Friday June 22, 2018

A One-Shot Nanoparticle Vaccine for Polio is Developed by MIT scientists

A novel single-shot nanoparticle vaccine developed by MIT researchers could assist efforts to eradicate polio worldwide. Currently, two to four polio vaccine injections are required to build up immunity, and because of the difficulty in reaching children in remote areas, the disease still prevails.

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A novel single-shot nanoparticle vaccine developed by MIT researchers could assist efforts to eradicate polio worldwide.

Currently, two to four polio vaccine injections are required to build up immunity, and because of the difficulty in reaching children in remote areas, the disease still prevails.

The novel vaccine delivers multiple doses in just one injection to prevent the paralysis caused by the polio virus.

“Having a one-shot vaccine that can elicit full protection could be very valuable in being able to achieve eradication,” said Ana Jaklenec, a research scientist at MIT’s Koch Institute for Integrative Cancer Research in Cambridge, US.

“Children in some of these hard-to-reach developing world locations tend to not get the full series of shots necessary for protection. The goal is to ensure that everyone globally is immunized,” Jaklenec added, in a paper appearing in the journal Proceedings of the National Academy of Sciences.

To create a single-injection vaccine, the team encapsulated the inactivated polio vaccine in a biodegradable polymer known as PLGA.

polio
An Afghan child looks on as a health worker administers polio vaccine .

This polymer can be designed to degrade after a certain period of time, allowing the researchers to control when the vaccine is released.

The researchers designed particles that would deliver an initial burst at the time of injection, followed by a second release about 25 days later.

They injected the particles into rats, and found that the blood samples from rats immunised with the single-injection particle vaccine had an antibody response against polio virus just as strong as, or stronger than, antibodies from rats that received two injections of Salk polio vaccine — the first polio vaccine, developed in the 1950s.

Furthermore, the researchers said that they could design vaccines that deliver more than two doses, each a month apart and hope to soon be able to test the vaccines in clinical trials.

Also Read: Parents More Worried About the Vaccines Rather Than the Disease

They are also working to apply this approach to create stable, single-injection vaccines for other viruses such as Ebola and HIV. (IANS)

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Polio Vaccination Team Members Killed in Pakistan

Pakistan is one of the few countries in the world where polio is still endemic, along with Afghanistan and Nigeria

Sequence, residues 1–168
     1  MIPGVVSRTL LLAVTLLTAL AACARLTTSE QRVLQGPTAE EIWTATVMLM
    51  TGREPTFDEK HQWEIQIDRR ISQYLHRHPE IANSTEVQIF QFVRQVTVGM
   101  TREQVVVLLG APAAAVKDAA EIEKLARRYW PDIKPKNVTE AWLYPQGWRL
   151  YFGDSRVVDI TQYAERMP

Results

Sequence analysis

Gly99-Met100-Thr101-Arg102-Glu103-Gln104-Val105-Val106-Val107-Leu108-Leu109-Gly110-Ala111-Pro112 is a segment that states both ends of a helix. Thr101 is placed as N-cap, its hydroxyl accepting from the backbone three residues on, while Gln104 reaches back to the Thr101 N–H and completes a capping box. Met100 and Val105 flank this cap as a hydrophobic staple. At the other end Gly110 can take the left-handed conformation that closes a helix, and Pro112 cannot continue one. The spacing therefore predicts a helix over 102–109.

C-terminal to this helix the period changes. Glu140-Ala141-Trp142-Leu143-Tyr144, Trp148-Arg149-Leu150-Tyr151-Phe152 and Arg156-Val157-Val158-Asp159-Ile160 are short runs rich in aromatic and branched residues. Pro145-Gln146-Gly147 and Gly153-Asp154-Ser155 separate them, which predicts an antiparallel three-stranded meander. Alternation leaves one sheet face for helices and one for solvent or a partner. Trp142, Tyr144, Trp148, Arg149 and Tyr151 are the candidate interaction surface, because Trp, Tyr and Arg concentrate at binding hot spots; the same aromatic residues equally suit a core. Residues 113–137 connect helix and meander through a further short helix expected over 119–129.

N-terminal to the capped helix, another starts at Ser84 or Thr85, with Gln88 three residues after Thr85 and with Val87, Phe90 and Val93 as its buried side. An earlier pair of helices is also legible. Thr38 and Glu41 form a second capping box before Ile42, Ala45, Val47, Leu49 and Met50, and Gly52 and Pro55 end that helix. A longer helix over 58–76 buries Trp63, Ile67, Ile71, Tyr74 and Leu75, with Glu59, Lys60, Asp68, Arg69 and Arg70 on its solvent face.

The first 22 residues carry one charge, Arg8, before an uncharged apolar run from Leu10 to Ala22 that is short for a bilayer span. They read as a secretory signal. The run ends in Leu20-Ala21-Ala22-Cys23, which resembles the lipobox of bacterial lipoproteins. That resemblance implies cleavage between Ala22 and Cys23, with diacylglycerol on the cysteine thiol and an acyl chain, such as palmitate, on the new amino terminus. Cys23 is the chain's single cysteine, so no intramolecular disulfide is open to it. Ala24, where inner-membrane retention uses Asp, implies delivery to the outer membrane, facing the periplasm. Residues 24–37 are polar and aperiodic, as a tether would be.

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Relatives mourn a female anti-polio drive campaign worker who was shot to death by gunmen, at a hospital in Quetta, Pakistan, Jan. 18, 2018.
Relatives mourn a female anti-polio drive campaign worker who was shot to death by gunmen, at a hospital in Quetta, Pakistan, Jan. 18, 2018. VOA

Two vaccination workers were killed and two were seriously wounded, officials said

Militants ambushed a polio vaccination team in a remote tribal region in Pakistan, killing two of the medical workers and seriously wounding another two, officials said Sunday.

The gunmen also attacked tribal police and the paramilitary Frontier Corps when they responded to the attack late Saturday, killing one paramilitary and wounding another.

ALSO READ: Detection of a rare strain of Polio in Pakistan’s Balochistan alarms authorities

Polio workers have come under attack on several occasions since it was revealed that the CIA used a polio vaccination campaign as a ruse to get information on Osama bin Laden, who was killed by U.S. commandos in Pakistan in 2011.Those revelations fed into claims by Islamic extremists that the vaccinations are part of a Western plot against Muslims.

A boy receives polio vaccine drops by anti-polio vaccination workers along a street in Quetta, Pakistan, Jan. 2, 2017.
A boy receives polio vaccine drops by anti-polio vaccination workers along a street in Quetta, Pakistan, Jan. 2, 2017. VOA

ALSO READ: World Polio Day: Anti-Polio drive in Balochistan kicks off Today

An official in Pakistan’s restive Mohmand Agency, Younus Khan, said two workers from the seven-member polio vaccination team went missing after the attack but later returned unharmed. He says security forces are still searching for the attackers.

Jamaatul Ahrar, a faction of the Pakistani Taliban, claimed the attack.

Khan said the bodies of the polio workers were handed over to relatives and their funeral will take place later in the day.

Provincial Governor Iqbal Zafar Jhagra condemned the attack, calling the polio workers heroes. VOA